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Durham e-Theses
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Third sector employment and training initiatives: an analysis of institutional influences on success and failure

Bromiley, Richard (2001) Third sector employment and training initiatives: an analysis of institutional influences on success and failure. Doctoral thesis, Durham University.



This thesis presents a multi-scalar analysis of the institutional influences upon Third Sector Employment and Training Initiatives (TSEIs) which have become de rigueur as a response to the seemingly intractable unemployment problems of many localities in the UK. To address the efficacy of third sector initiatives in the development of local economies, previous evaluations have attempted to define the features of 'best practice' initiatives in the UK. However, such analyses focus upon the internal organisation of TSEIs and are biased towards what are regarded as successful organisations while neglecting the impacts of failure. Consequently, this thesis addresses the institutional influences upon TSEIs within a comparative analysis of successful and failing initiatives, while recognising that 'success' and 'failure' are relative rather than absolute concepts. The thesis combines approaches from the social sciences in order to create an informed theoretical basis which is able to incorporate broader explanatory issues of social change and structure that are explored through empirical study. An approach is therefore applied which emphasises the multiple scales at which theories operate, from the essentially grand meta-theories of the regulation approach to the more locally contingent theories of governance and institutions. This subsequently informs the debate into changes in economic, social, political and governance structures which affect labour markets and job creation strategies in the UK. The thesis suggests a number of common factors which influence the development of TSEIs, allied to a number of specific factors which are related to the aims of particular initiatives. The need for flexibility within frameworks leads to a conceptualisation of the key organisational factor influencing TSEIs as Structured Flexibility. From this, I suggest a number of policy directions which ought to facilitate the third sector’s attempts to develop local economic growth.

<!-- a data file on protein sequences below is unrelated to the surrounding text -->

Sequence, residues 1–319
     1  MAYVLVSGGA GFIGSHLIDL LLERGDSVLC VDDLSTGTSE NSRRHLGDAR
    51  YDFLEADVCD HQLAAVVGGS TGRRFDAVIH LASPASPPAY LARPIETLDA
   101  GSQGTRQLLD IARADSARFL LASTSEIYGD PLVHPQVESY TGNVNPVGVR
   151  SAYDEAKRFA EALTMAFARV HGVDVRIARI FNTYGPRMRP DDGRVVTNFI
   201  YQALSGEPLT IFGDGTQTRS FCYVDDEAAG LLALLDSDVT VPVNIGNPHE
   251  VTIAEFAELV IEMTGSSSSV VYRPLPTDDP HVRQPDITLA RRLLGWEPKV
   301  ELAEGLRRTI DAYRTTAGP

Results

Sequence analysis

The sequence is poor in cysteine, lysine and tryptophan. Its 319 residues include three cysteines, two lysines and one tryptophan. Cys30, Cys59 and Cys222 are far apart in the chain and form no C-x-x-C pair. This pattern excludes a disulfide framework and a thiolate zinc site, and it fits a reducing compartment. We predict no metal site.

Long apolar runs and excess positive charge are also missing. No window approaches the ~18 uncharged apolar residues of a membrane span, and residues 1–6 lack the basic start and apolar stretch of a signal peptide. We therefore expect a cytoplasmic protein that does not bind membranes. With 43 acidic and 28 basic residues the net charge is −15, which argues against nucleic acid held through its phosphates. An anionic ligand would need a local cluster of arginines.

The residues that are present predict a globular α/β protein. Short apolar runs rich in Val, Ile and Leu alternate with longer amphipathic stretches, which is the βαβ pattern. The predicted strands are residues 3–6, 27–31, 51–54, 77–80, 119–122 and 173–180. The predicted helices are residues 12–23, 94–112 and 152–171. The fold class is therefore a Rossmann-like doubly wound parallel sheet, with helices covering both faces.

Item Type:Thesis (Doctoral)
Award:Doctor of Philosophy
Thesis Date:2001
Copyright:Copyright of this thesis is held by the author
Deposited On:01 Aug 2012 11:42

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